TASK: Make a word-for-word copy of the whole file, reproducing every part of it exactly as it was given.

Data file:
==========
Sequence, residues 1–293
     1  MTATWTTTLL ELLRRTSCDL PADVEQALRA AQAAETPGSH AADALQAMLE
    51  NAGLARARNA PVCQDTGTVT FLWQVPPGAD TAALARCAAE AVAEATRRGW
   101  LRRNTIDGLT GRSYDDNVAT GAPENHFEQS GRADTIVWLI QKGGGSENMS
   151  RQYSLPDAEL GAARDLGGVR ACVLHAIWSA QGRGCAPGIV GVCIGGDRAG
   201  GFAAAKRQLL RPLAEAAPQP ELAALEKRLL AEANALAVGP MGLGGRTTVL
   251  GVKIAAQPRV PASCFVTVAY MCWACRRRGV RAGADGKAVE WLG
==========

Sequence, residues 1–293
     1  MTATWTTTLL ELLRRTSCDL PADVEQALRA AQAAETPGSH AADALQAMLE
    51  NAGLARARNA PVCQDTGTVT FLWQVPPGAD TAALARCAAE AVAEATRRGW
   101  LRRNTIDGLT GRSYDDNVAT GAPENHFEQS GRADTIVWLI QKGGGSENMS
   151  RQYSLPDAEL GAARDLGGVR ACVLHAIWSA QGRGCAPGIV GVCIGGDRAG
   201  GFAAAKRQLL RPLAEAAPQP ELAALEKRLL AEANALAVGP MGLGGRTTVL
   251  GVKIAAQPRV PASCFVTVAY MCWACRRRGV RAGADGKAVE WLG